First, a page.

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Queer Archives Zine launch

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[00:02:00] My name is Caitlin. [00:02:02] I'm just doing some behind the scenes work just helping these guys. But yeah, I've been lucky enough to be involved in this amazing project that Will's going to talk to us more about before we get into that I've got a few health and safety things to keep note off. If there's an earthquake, drop cover hold in beware of the glass. So yeah, try to try to be centred. And since I was back at the bathrooms pretty popular [00:02:30] in the corridor and the steel well in the corridor over there. But just let us know if you can't find the metre. Grandpa ones are gender neutral. [00:02:39] And And finally, if there's a another kind of emergency or alarm goes or whatever, the staff here will guide us out. So just follow the lead. Yeah, so now Will's gonna talk a bit about what this project is, why, how it came about, and why, why it's important or why we have to pretend doing it. And then we're gonna let some of the participants come up here and just speak a little bit about about the page or the experience of exploring logins. And, yeah, and then we'll close off the ceremony with a formal submission of lean to the archives to you know, tie up. [00:03:20] Awesome cake by late will take it away. Thank you. [00:03:27] Everyone. Thank you so, so, so much for being here. I'm feeling really overwhelmed with the amount of support and everyone that showed up, we were expecting, like, 15 people. So, you know, thank you so much for coming out. For those who don't know me, my name is wil Hanson. I'm one of the queer historian and a trustee of T prong attack attack way out to erode the lesbian and gay archives of New Zealand, otherwise known as Liggins. Yeah, thank you so much for coming along to this event. This is the first launch party of the collaboration between Wiggins and Wellington things this for the first edition of our collaborative zoom that we made, hopefully, the first of many events, some things that will have, we called the same, the archive is alive because history is always talking to us. And it sounds cliche, but it's important that we listen and that we learn to listen well. Something that I've learned when I've been studying history for the last few years is that the ability to listen to and learn from history is really a skill that everyone is always engaged in. And for queer people, it can often be a life saving one, learning the legacies of quit struggle and quit joy and quit everything else. [00:04:37] The kind of everything that we're born into, that has been silenced, that has been suppressed, that has been taken away from us, gives us the sense of belonging, a sense of place, a sense of pride and a sense of power. Now, history is so important. I believe that our histories do sit at the heart of our activism. You know, for me personally, history is absolutely vital, as when I'm feeling [00:05:00] hopeless, I think about all of the change that my elders my queer ancestors have made, and how that means that I can make change to how things have changed so much before now and how things will inevitably change in the future. We also called the xinli archive is alive, as a reflection of the fact that despite attempts to erase queer history, and specifically to destroy and against against was subject to an arson attack in 1986. [00:05:28] The archive still is here, the archive still alive, still thriving. [00:05:34] Another title we've played around with, but we ended up discussing it because it just didn't really fit on the cover was the presence of queer history, which was a play on words supposed to indicate that queer history is a gift. So something that is so important and heartwarming and joyful for us to explore, but also to indicate the fact that history is constantly unfolding, that it's not just about the past of the past, but also about what's happening today. And the fact that we need to try really hard to document it, especially in this digital age, when things are getting lost, because they've posted on Facebook events and such. And then once they take them down, they get lost to the internet. So it's about kind of really given people that sense that what's happening today is queer history. And it is important and it is important to be archived. Yeah, this project came about between conversations with me and Caitlin, Caitlin from Wellington seems best, because we both felt this real importance of archives of history. And we also felt the inaccessibility of both of these, both of these institutions, you're both of us has been really lucky to study history courses up at university, and they bring you down to the archives, and they give you a really warm welcome to the archives. But for people who just don't have never had access to an archive, before, I've never been able to go to an archive that can be really intimidating and a really daunting place. And although you know, we try really hard at logins to make queer history accessible. We are entirely volunteer run, and we rely on grants and the goodwill of donors to survive. So you know, if you want to see our archives, you have to be in person in Wellington on site. And you have to have the confidence and the privilege to negotiate these kinds of institutions. So, again, yeah, it can be really daunting. So we're always trying to create new pathways of access. One exciting thing that's happening, which hopefully a lot of you have already heard about is that logins, we're going to digitise our archive soon. So that's really exciting. [00:07:32] That'll make things so much easier for everyone to access, people will just be able to Google, you know, trends, history, I'll get all that, and we'll come up and they'll be able to see the primary resources for themselves, which I think will make a huge difference. But in the meantime, you know, I've been thinking a lot about how to make logins more accessible for the kinds of communities that I'm part of trans communities, young queer communities. And so talking with with Caitlin and with the rest of the crew, Wellington zimfest, [00:08:05] we came up with this project, because we hope that will be helpful for our community, and we kind of joined together and misbelief that, that, you know, queer youth need to be uplifted and knowing that they are queer history in the making, that their lives are important and just as their lives important, so are the archives. So I hope that everyone who engages with this theme can feel understand that and feel that same emotion. So, this project began with a call for a small group of participants. For an intensive two day workshop. The first day we had here at the National Library, thank you to the National Library and henner in particular for hosting us. were gone, Hannah. [00:08:46] Thanks, Hannah. Most important place to be. [00:08:51] Hannah helped us so so much, spread it out stacks and stacks of things. [00:08:56] And helped us navigate the world of the Arizona tumble libraries Photo Stream, which is now listed with naked gay male images. So I'm really sorry to anyone who got really surprising those Thank you, Hannah, for putting up with all of that. Um, so day one was here with Hannah with the National Library, Roger Swanson from Liggins, who's really one. He's the lifeblood of logins. We were so lucky to hear from him about his involvement in the organisation, his own journey with with archiving and with queer history. And then I gave a couple of talks about how we can engage critically with our histories and our archives. And we had lots of really cool discussions about this. We talked about questions like How can Mulligan's make itself more useful for for our, you know, diverse queer communities? [00:09:46] How can Liggins take more of a role in activism Liggins was founded as an aide for the National Gay Rights Coalition, which was an activist organisation that sprung out of gay liberation. So how does how does that activist history translate to [00:10:00] De all of these kinds of things we considered. And then finally, the participants were given the opportunity to sit down with the archives and have like a good in depth look at them. I really wish we'd had like two weeks to run this workshop because you could spend so, so long, just talking about all of this and sitting down looking at the archives. But unfortunately, we only had the days we did that all in one big long day, thanks to all the participants for getting through all of that no data source going over to machico, which is on Ghazni Street, it's a new place that started up that's really important to support, because they're doing a lot of creative stuff in the community. And they gave us the space to start designing housings. So we did all of the cool everything you see in here was all made made there out of the photocopies that Hannah painstakingly printed off for us. [00:10:46] Yeah, and that was really, really fun. [00:10:50] I think that I'm really, really happy with the final product. I just Yeah, I just wish that we have more time to do even more. But printing cost is a lot. So it's probably good to be done. [00:11:02] I just want to say some final thank yous. Thank you, Raja, and Hannah, for all of the efforts you've put into making this workshop work. We just just couldn't have done it without you. And the knowledge and the skill and the patience and the time and the patience that you brought to working with us. Thank you, Liam, and Caitlin from Wellington zimfest This all started with just us having a little chat, and you guys actually made it a reality, which is really cool. You work so hard on getting the funding application, and just doing all of that organisational stuff that goes right over my head. So, you know, thank you for your passion and your dedication to local creators. And we see as well, I'm always so impressed with Wellington zimfest and the way that you support local creatives and local communities. And if you don't know licencing Fest, I feel I must do here because of them. But if you don't know them, definitely check them out. They're like the most one of the most important and vital institutions that we have employ Nikki really uplifting, uplifting local creatives. So turning dreams into realities as in this case. So thank you. Well, instantaneous. Thank you, Caitlin, and Liam and Lucy. [00:12:06] Who else Ah, um, and lastly, I want to thank all of the phones all of our contributors so ailish Willis bucklins. Andrew McCauley. Caitlin Lynch, Kira, O. Callaghan, compass Ramsey, Emma Hurley, Francie Berry, Khloe Keifa hunt Liam galta on me [00:12:26] then thank you to me. No, thank you to everyone for participating I'm really really stoked that hope you guys it will start with it came out so well we spent so long that we have today shape bring this out. And also everyone be sure to check out the hidden little sticker on below. We printed out some stickers, stick those around people have been tearing down by stickers by stick them right back up. And now you will have some stickers [00:12:49] to stick out. So thanks so much for coming along and listen to me ramble. [00:13:04] So now to any of the contributors want to come up and talk about this in pages. [00:13:20] Hi, I'm not gonna talk alongside hope that the same kind of talks for itself. [00:13:26] But [00:13:28] this was a really cool experience for me, I think it was very validating it kind of was zero to 100. Like, a lot of the time when you're looking for queer representations or history, it's like you're looking for like a needle in a haystack or you watch like eight seasons of a TV show to find the one maybe lesbian couple. And [00:13:47] so being able, just being bombarded with like pages and pages of like [00:13:53] queer history that wasn't just like, I don't know, orientated around law, reform or suffering was very empowering. And I made this page let's reclaim the past. [00:14:08] The future is quits. [00:14:11] Kind of, [00:14:13] to like, represent something that I saw is like ubiquitous between what we looked at from decades and decades, decades ago, and what I see in my own life, which is like queer, joy, queer dancing, queer, partying and smiling and fun and love. And I think it's really important to represent that and that we should talk about that just as much as we talk about suffering and oppression. Because that is what queer people are as well. You know, we don't just die at the end of movies. [00:14:45] We don't just cry because we can't get married. [00:14:49] We don't just have unrequited love it for me and like probably every queer person I know and every and looking through these archives as well like this magazine called devotion, which was [00:15:00] All About devotees and what you love and queer dance parties. And, you know, there's so much positivity in that. And I think that's something I really bought, [00:15:08] like I took away from, from this experience and something that we should all remember. [00:15:15] And kind of the idea of countering mainstream narratives of LGBT plus history [00:15:23] and celebrating love as much as we kind of mourn suffering and loss, which is also a really important part. But we shouldn't orientate kind of LGBT history around how we've been treated, it should be about how we treat each other. And all I see from like, even just an example of this workshop is just like, love and interest and curiosity. And I like feel lucky to be queer. I don't feel like [00:15:51] something's dead. So I feel like that's it. [00:16:00] So yeah, just a shout out to all the people on that page and all the people in Wellington ended up with their and leaving, and well and Caitlin and everyone who organised this whole workshop because it made me very happy and also emotional. [00:16:13] So yeah, thank you [00:16:23] but compassing keep coming to talk to us [00:16:31] with trans so we should pages about that, which is super fun. We enjoyed it very much. [00:16:38] Yeah, I think going into the hallway I also put together the page that has all of the naked men on it. [00:16:45] Yeah, that one? Yeah. [00:16:50] Yes, there it is. Yes, sir. Basically, just the green page that I keep writing I did together. It was like right at the end of the second day, and we were like, Oh, no, we finished everything. What should we do now? And then I basically just like glued gender to a page and then we just kind of went with that were like what is gender and then like gender is really stupid. [00:17:10] Um, some examples that we have up there is like gender is everything that I've dropped on the floor so far. [00:17:17] genitalia just hate it all that sort of stuff. We have Casper the Friendly Ghost, which has keepers contribution, love. That wasn't the promise, every all of the, like pictures on that are from Keisha because I said, that'd be like how much I write down and then keep actually went and did. [00:17:37] Yeah, um, then this next page is my page I did by myself. And that being non binary, because being non binary is like super sexy. [00:17:47] And all of these quotes, there are thrown trends care, which was a magazine that I don't really know that much about, but they have like, really cute things in them just being like being trans is like, really awesome. And I wanted to put that on a page. And just be like, there wasn't really anything about being non binary in the archives, just because that language didn't really express back then. So I was like, I'm gonna make it myself. So that like the next archives, like non binary people can look at it and be like, Oh, yeah, that existed. [00:18:18] Cool. Yeah. So I made the next couple pages which are quite like minimalistic. But I wanted to focus on the fact that like, throughout my, by the way, that's me and my boyfriend who is here, so shout out to him. [00:18:32] And I wanted to focus on the fact that like, I think I've grown a lot throughout my own, like transgender because I started off being like, nobody can know, I'm trans. I gotta like transition. And then I got to be like, this, this hideous guy you've ever seen. And then it's like, nobody can know ever. And then it was like, through events such as these and like meeting other like, wonderful trans people. [00:18:53] I realised that actually, it's okay to be proud to be trans and like, I'm okay with people knowing and I think it's cool that people not, and I got, like, I had to focus on top surgery scars, because I got top surgery in January of this year, which was like a really big thing for me because it was like I could, I could suddenly switch from like hating my body to like actually enjoying it. And I enjoy living in my trans body. And I focused on that, because I'm near the start of it, I was like, I'm going to have scars and like, that's fine. And like, it's going to be kind of weird to my nipples might be kind of weird, but that's fine. And now it's like, now it's like, like, I have scars when I think they're awesome. And I like looking at them in the mirror and like my knuckles kind of aren't fully coloured, but I'm proud of my body because I managed to heal that way. And it's like, it was a big surgery. So I'm like, proud and I appreciate how my body healed. So I wanted to focus on that and in sort of the just the idea of like, it's beautiful to be trans and I'm, like so proud of all my trans spawn out who like exists like that because it can be hard, but I appreciate it so much. And I also [00:20:00] Really appreciate my family for helping me get top surgery. And like, when I first transitioned, the person who was like, on it straight away was my little assistant I don't think I've ever heard in my cup ever, even though she's literally known me her whole life as, [00:20:17] like maybe something else will but [00:20:21] but yeah, so this is a really important experience to me, especially as I'm moving to Miami next year, because it's like my final sort of thing of like, leaving something behind with the queer Wellington community. Even though like the back like, this is my home. It's like, I, I like the idea of having something permanent in the archives to be like, yeah, that's me. So yeah, thank you. [00:20:52] Thank you so much. Um, does anyone else want to share anything? [00:20:58] Yeah. [00:21:05] So I did a couple pages and come from a history, pure History Background, looking at claims recycle, it'd be interesting to sort of capture the vibe of what we were going for with the workshop in sort of reclaiming our history and making history as well has already talked about, through making missing. So [00:21:27] me. And so the at the bottom has parts from the pink triangle magazine. [00:21:34] And I'm sure a lot of you are aware of what that pink triangle symbolises but, and so there's like, a little explanation of how it was used during the Second World War for homosexual men in, [00:21:48] in concentration camps. And sort of like a bit about how, during your gay liberation time sort of reclaiming that symbol that was used as something to demarcate and oppress and sort of making that part of our own [00:22:02] sort of joy in history, like switching that up. And then at the top was this part from also from pink triangle magazine, about reclaiming the past and looking for [00:22:13] it's mostly focused on queer women in the past and looking for that sort of history. There's a bit where it's like Sappho, Joan of Arc. [00:22:23] And me sort of [00:22:26] making those connections to people in the past, [00:22:29] which I thought was just really cool images as well sort of someone else's put those together. And I've now stolen them and put them on my [00:22:37] channel. [00:22:40] And then I also done [00:22:43] a page that sort of took snippets from yet took snippets from the mike white papers and magazine pitches, which isn't dikes. [00:22:54] And sort of I just started looking for things that I think is still sort of relevant to queer community and protests and [00:23:04] things that we talk about now. And like looking at why that is in the past and how it might have been talked about them, as opposed to now so there's like bits about [00:23:13] the treaty, [00:23:15] screwing capitalism over but at the police. This is really fun cartoon sort of like the top rack where it's these two lesbian lovers and the low capitalism festival. Why don't we talk about politics before this goes any further? [00:23:33] Yeah, just looking at like, those intersectional struggles or ideas that we still talk about now, which I thought was cool to find that in the archive? Yeah. So there's [00:23:52] any loss. [00:23:55] Cool. Okay. Well, I think we will move on to our final event of the evening the official handover. [00:24:04] And [00:24:08] so we've got Rhonda here from [00:24:13] William, do you wanna [00:24:16] saunas from the legal deposit team? visual library? I am. Yeah, and this is just really beautiful. So yeah, that's amazing. So So what are we doing? [00:24:39] On behalf of looking? [00:24:56] Thank you. Well, and um, thank you all the team that put this together. [00:25:00] It's really amazing. It was a great privilege to have Well, let me get get material out for the for the, for this workshop, and we had long list of suggestions. And, and so I spent a few days hauling stuff up, which was great. And I think you Well, that's interesting what what's going to come over cuz I have not much idea busines it's not my territory at all. And, and so it was that it's great having people expressing their reactions to collection items. And I know in the Trimble library, we have people in tears, people dancing in the room, because I found something that I've been looking for, for ages, what's moved them. So with the motion, that that little object, they found this bit of text, the letter that I've just read from, from an ancestor have been really moving, and this is our ancestry. And this great, we have people being moved by it. And it's great that it comes alive. And that's the idea of the archive is not a dead thing that you put in boxes and never see again, it's something that's brought out and used and makes change. And this will say the archive was founded as an activist organised as an actor, this thing, and was there to make change in the world. And, and hopefully this is this is another step along the way. So thank you. Well, thank you, Caitlin. And thank you everybody, for coming tonight. And for the group that put this together, well done. [00:26:36] Thank you for for Roger and Hannah's [00:26:40] will deliver. [00:26:44] The one final thing I want to say is that we as you may have noticed, we've sold out of copies tonight, because about five times as many people came as anticipated, which is awesome, too great. But if you want to copy one option is to come to Wellington Xin Fest, which is next weekend on the 10th and 11th of October at [00:27:05] the action design campus on the main street will and I are going to be there on the Sunday with a store with this thing and also like heaps of other like cool history scenes and cuisines. So yeah, come on down. [00:27:20] It's caused me to check out. [00:27:23] The other thing is that like, the only reason we have a price on this is for print costs if you want a digital copy of it for you to print it yourself or like just look at digitally and just email wellingtonzinefest@gmail.com and we'll just send you the PDF. Cool. So it's wellingtonzinefest@gmail.com, or come in catch us. Anyway. Thank you so much for coming.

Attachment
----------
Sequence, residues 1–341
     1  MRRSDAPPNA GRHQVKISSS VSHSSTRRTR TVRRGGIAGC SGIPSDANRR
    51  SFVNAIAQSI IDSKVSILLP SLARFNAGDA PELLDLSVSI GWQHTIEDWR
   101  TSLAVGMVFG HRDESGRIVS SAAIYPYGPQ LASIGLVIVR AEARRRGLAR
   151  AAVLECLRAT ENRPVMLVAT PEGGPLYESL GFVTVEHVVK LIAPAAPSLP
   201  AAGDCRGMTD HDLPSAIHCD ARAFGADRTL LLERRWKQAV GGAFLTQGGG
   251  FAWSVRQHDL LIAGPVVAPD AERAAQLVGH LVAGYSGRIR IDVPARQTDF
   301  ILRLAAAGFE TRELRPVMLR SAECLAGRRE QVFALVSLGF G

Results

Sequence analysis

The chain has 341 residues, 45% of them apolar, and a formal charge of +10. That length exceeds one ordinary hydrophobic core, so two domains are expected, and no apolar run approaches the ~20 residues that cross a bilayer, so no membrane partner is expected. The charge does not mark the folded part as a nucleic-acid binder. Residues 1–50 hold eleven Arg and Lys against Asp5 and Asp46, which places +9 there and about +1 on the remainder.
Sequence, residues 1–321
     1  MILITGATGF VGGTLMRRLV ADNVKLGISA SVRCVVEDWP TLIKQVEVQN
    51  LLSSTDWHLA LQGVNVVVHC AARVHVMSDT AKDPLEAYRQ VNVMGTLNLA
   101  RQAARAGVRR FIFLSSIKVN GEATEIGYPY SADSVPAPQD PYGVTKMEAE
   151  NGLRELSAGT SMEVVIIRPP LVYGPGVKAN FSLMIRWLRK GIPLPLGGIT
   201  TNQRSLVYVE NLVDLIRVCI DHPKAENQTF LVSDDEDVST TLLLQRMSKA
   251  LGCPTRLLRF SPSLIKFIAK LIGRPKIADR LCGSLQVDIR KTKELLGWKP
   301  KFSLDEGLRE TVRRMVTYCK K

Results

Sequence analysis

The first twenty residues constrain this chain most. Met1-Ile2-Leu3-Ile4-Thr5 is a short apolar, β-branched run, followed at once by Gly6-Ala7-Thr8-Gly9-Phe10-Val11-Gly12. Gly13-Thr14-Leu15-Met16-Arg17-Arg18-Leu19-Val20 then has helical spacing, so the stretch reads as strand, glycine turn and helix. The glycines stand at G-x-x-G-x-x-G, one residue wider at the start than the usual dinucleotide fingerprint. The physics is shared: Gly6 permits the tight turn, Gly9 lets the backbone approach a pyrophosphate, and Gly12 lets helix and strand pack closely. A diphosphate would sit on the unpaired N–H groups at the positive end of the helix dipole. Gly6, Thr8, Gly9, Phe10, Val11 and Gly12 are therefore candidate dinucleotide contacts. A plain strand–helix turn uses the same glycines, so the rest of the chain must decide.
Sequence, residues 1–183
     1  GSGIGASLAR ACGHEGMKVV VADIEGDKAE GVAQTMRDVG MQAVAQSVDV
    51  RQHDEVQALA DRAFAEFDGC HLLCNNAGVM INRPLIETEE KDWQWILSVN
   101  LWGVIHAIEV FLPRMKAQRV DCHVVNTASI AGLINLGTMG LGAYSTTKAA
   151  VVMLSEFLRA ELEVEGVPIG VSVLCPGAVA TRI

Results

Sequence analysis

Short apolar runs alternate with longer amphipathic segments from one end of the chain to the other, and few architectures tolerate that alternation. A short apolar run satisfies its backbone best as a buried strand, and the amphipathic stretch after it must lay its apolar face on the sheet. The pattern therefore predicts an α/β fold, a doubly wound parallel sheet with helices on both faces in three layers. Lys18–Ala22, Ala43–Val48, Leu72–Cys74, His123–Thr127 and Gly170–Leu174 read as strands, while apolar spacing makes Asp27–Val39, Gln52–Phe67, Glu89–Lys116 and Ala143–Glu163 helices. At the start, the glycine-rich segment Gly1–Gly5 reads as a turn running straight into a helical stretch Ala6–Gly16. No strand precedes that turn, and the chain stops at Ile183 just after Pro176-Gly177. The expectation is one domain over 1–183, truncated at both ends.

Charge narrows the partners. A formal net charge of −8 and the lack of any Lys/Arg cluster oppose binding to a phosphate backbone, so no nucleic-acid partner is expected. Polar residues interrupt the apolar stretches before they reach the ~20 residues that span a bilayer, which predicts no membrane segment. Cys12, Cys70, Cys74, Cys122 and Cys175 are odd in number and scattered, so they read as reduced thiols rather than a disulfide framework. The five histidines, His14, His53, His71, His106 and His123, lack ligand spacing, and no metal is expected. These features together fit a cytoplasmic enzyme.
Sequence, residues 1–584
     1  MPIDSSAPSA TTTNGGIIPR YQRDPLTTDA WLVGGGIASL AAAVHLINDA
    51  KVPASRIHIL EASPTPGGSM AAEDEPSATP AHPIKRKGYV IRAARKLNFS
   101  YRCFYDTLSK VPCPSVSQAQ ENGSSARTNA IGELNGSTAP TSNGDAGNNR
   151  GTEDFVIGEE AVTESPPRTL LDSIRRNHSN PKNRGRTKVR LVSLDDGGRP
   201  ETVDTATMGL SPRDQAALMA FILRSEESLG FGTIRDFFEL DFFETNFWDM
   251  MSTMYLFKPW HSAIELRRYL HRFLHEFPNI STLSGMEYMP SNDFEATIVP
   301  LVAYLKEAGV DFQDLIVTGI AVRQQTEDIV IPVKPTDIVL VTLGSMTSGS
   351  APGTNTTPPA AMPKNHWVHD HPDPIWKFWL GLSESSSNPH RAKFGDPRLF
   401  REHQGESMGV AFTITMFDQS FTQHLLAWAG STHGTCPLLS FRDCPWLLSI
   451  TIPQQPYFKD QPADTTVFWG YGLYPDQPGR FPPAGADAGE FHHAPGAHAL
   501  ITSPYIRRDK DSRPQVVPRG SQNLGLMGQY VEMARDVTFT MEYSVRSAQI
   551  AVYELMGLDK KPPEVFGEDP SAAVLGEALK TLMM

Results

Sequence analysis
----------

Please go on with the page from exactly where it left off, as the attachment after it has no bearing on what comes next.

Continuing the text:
This page features computer generated text of the source audio. It is not a transcript, it has not been checked by humans and will contain many errors. However it is useful for searching on keywords and themes.